From milking cow to roast calf
There’s an interesting and potentially groundbreaking development emerging from the current imbroglio involving Mirant Corp. and its employees. On the surface, the case seems to be simply about employees demanding benefits from their employer. Actually, it is far more important than that.
And depending on whose version of the truth you happen to be partial to, either the Filipino employees are the ones who are greedy, insatiable, and selfish or the American owners and their Filipino counterparts are the ungrateful capitalists who have suddenly become blind, deaf and indifferent to the plight of the Mirant employees. You know how it is in our country, it is not enough that the other side is simply wrong, they have to be demonized, too. Otherwise, there’s no fun in the debate.
The dispute has been simmering since Mirant’s parent company, based in Atlanta, announced it was selling off Mirant Philippines. As many know, Mirant’s parent company has been in the red for quite some time now and seems to be in a desperate need for cash. This need is now prompting it to sell off its milking cow which is Mirant Philippines. The joke is that Mirant Philippines has transformed from being milking cow to roasted calf.
Why Mirant Philippines is very profitable is another story altogether. It is a long story actually, one that highlights the absence of strategic thinking among our leaders, in particular those during President Fidel Ramos’ term who entered into disadvantageous contracts with independent power producers. But more than anything else, it is a story that draws heavily on the sweat, blood, toil, and talent of Filipinos making up Mirant’s workforce. As one employee put it, “we made Mirant what it is today, the Americans simply put in their money.” This is a statement with which one cannot argue with. The Tagalog saying kami ang nagbayo at nagsaing, iba ang kumain (we did all the hard work but someone else is enjoying the fruit of our labor) nicely sums up the workers’ predicament.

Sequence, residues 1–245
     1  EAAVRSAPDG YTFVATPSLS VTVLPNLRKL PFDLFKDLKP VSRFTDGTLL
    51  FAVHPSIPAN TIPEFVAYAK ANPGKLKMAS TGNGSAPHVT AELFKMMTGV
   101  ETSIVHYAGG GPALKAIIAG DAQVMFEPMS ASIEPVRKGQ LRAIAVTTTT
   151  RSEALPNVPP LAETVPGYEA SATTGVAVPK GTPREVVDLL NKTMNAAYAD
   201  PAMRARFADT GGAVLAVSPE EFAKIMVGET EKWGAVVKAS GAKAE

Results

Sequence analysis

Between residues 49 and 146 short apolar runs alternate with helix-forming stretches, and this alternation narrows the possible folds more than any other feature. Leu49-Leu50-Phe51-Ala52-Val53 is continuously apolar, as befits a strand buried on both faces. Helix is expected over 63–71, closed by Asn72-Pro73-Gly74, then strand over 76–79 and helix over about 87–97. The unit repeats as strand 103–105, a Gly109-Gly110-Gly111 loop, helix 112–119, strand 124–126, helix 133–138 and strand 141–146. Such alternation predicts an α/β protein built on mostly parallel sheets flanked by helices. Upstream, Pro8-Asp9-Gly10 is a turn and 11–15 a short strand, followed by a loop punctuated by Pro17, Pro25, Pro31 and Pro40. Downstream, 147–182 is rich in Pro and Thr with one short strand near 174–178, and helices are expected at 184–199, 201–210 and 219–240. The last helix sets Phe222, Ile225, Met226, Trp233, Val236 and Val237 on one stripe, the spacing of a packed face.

Mirant Philippines is a successful enterprise. The company is a trailblazer in many efforts particularly in two areas: fulfilling its corporate social responsibility and taking care of its people. As a human resource management consultant, I am privy to the extent to which Mirant has taken care of its people. At least until the current imbroglio reared its ugly head.
The problem stems from the fact that the sale of Mirant Philippines is already due in November and employees are still groping in the dark about the kind of fate that awaits them. Mirant has not issued guarantees that it will honor practices (that unfortunately have not been translated into policy) pertaining to separation or retirement packages—before, during, or immediately after the sale. It also appears that the terms of the sale of Mirant does not include provisions compelling the new owners to assume contractual obligations to employees—either in terms of respecting tenure, or retaining compensation and benefits packages, or even sustaining the company’s hospitalization or retirement plan. In other words, Mirant employees do not know if they could hang on to their jobs after the sale!
Up until this week, Mirant Philippines president Jose Leviste Jr., who represents the American interest (and who is being paid handsomely for it, I am told) has been making promises about when the company will formalize its separation policy. In the meantime, the clock is ticking.
Mirant employees have tried to do things the more peaceful and cordial way —through appeals and representations with management. Strangely, this is when those nasty attacks against the employees started. Mirant employees were suddenly depicted as greedy spoiled brats who want to have their cake and eat it, too. Unfortunately, the criticism does not fly.